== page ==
Working with Units¶
The AMUSE framework provides a unit handling library. This library is used throughout the AMUSE framework. When interacting with a code all data has a unit, even scaled systems have units.
The basic data object is a quantity, a quantity is made up of a value and a unit. The value can be a single number (a scalar quantity) or a multi-dimensional array (a vector quantity).
Quantities are created by the
`|(bar)` operator. All
quantities can be used like numbers and a lot of numpy
functions also work on quantities.
>>> from amuse.units.si import * >>> from amuse.units.core import named_unit >>> >>> weigth = 80 | kg >>> persons = 10 >>> print ("Total weight: ", persons * weigth) Total weight: 800 kg >>> day = named_unit("day", "d", s * 60 * 60 * 24 ) >>> weight_loss = (0.1 | kg) / (1 | day) >>> print ("Weight loss: ", weight_loss) Weight loss: 0.1 1.15740740741e-05 * kg * s**-1 >>> print ("Weight loss: ", weight_loss.as_quantity_in(kg/day)) Weight loss: 0.1 kg / d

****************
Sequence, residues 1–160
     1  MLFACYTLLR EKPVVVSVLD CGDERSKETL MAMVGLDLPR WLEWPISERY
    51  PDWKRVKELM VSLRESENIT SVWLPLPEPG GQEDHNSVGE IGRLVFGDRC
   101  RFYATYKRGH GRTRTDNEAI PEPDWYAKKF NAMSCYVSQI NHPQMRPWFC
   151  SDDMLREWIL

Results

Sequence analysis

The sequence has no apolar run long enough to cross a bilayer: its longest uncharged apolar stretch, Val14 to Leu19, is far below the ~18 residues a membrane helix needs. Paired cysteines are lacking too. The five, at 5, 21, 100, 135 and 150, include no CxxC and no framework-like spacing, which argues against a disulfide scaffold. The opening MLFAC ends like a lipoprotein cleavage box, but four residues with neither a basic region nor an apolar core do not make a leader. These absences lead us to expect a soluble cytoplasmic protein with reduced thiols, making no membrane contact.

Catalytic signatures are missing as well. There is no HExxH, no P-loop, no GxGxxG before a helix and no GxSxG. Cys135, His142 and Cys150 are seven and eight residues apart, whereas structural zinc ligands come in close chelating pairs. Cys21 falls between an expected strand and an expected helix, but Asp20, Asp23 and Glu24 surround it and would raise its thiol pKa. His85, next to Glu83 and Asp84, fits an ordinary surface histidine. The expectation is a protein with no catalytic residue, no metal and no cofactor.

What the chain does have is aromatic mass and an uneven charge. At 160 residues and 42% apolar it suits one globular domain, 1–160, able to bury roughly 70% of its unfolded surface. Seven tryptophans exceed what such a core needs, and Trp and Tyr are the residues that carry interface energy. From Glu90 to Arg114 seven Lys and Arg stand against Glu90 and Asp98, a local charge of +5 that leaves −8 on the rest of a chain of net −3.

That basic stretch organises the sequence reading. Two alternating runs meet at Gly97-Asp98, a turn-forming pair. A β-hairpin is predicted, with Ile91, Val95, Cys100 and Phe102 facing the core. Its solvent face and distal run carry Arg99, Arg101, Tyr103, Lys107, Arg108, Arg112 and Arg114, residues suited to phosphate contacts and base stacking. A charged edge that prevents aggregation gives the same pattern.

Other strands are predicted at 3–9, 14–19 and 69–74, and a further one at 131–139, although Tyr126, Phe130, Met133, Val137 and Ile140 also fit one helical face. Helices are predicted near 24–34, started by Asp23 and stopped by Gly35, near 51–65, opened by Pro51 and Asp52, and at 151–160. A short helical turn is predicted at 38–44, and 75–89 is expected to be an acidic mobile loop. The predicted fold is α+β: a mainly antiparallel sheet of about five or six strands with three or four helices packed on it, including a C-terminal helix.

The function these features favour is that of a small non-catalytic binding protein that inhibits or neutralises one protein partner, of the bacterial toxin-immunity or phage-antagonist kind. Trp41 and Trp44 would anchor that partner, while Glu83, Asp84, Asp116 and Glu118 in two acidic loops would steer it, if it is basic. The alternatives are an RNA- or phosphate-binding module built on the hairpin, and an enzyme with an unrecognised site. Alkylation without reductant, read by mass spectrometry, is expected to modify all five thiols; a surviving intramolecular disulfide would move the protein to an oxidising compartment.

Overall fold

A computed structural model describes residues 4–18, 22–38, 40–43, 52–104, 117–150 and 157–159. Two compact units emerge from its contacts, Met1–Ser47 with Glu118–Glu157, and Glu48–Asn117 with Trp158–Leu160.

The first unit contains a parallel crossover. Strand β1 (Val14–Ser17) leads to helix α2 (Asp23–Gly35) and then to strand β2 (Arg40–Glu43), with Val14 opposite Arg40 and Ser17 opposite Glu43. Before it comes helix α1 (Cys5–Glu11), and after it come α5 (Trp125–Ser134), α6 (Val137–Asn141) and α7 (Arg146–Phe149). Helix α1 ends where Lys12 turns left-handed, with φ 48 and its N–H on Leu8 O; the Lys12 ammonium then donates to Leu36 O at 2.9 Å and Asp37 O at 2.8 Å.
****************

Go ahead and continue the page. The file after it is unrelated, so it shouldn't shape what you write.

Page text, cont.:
Working with arrays¶
A vector quantity can be used like a python list. Take care to only put quantities into a vector quantity. These vector quantities behave more like numpy arrays than like python lists in that numeric operators operate on them element-wise; they can also be initialized from numpy arrays.
>>> from amuse.units.units import MSun >>> >>> masses =  | MSun >>> for i in range(10): ... masses.append(i**2 | MSun) >>> print ("Masses:", masses) Masses: [0.0, 1.0, 4.0, 9.0, 16.0, 25.0, 36.0, 49.0, 64.0, 81.0] MSun
When working with arrays, some care must be taken to ensure that vector quantities are created and not arrays of quantities. The following code will create an array of quantities
>>> from amuse.units.units import MSun >>> >>> masses =  >>> for i in range(2): ... masses.append(i**2 | MSun) >>> print ("Masses:", masses) Masses: [quantity<0 MSun>, quantity<1 MSun>]